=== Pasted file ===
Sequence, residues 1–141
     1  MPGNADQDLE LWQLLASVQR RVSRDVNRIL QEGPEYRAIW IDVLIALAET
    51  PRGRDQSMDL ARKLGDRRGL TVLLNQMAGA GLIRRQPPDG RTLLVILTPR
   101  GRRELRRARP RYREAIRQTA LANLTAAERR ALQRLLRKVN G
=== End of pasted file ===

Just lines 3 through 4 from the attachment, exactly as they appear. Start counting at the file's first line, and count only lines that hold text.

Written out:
    51  PRGRDQSMDL ARKLGDRRGL TVLLNQMAGA GLIRRQPPDG RTLLVILTPR
   101  GRRELRRARP RYREAIRQTA LANLTAAERR ALQRLLRKVN G